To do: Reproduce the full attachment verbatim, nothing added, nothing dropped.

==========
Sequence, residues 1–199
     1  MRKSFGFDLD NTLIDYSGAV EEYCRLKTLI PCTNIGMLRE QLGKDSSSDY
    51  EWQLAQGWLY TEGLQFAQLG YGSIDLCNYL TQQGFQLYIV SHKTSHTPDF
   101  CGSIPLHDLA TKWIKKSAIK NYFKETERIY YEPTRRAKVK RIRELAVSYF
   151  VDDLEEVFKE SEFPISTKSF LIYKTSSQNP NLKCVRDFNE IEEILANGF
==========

Sequence, residues 1–199
     1  MRKSFGFDLD NTLIDYSGAV EEYCRLKTLI PCTNIGMLRE QLGKDSSSDY
    51  EWQLAQGWLY TEGLQFAQLG YGSIDLCNYL TQQGFQLYIV SHKTSHTPDF
   101  CGSIPLHDLA TKWIKKSAIK NYFKETERIY YEPTRRAKVK RIRELAVSYF
   151  VDDLEEVFKE SEFPISTKSF LIYKTSSQNP NLKCVRDFNE IEEILANGF